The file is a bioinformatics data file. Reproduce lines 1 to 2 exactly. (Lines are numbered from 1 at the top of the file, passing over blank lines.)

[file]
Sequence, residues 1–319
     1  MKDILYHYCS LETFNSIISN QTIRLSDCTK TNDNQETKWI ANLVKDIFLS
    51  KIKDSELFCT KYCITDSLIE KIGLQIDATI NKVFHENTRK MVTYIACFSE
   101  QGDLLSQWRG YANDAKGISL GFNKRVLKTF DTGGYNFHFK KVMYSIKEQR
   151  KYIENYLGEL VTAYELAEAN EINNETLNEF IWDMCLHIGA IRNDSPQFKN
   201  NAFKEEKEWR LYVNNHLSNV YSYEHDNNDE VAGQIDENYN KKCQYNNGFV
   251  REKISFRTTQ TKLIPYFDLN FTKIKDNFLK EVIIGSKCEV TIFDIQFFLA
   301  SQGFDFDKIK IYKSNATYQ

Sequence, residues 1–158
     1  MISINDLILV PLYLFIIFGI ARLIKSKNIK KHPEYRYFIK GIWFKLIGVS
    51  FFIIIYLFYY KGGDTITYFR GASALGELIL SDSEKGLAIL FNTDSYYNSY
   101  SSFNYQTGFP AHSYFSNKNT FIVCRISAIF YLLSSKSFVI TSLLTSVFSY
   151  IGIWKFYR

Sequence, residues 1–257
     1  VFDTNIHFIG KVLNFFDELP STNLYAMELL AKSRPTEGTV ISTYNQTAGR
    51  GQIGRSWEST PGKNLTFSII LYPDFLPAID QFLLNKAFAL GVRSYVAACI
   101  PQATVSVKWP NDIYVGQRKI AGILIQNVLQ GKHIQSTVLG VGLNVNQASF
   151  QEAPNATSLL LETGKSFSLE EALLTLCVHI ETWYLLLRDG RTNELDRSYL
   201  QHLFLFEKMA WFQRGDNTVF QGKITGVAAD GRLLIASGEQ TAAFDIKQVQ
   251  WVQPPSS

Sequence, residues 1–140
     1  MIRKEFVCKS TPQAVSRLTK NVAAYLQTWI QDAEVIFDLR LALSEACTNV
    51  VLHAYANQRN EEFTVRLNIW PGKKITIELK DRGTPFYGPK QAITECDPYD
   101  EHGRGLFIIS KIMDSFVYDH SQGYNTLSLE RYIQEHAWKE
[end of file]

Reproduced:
Sequence, residues 1–319
     1  MKDILYHYCS LETFNSIISN QTIRLSDCTK TNDNQETKWI ANLVKDIFLS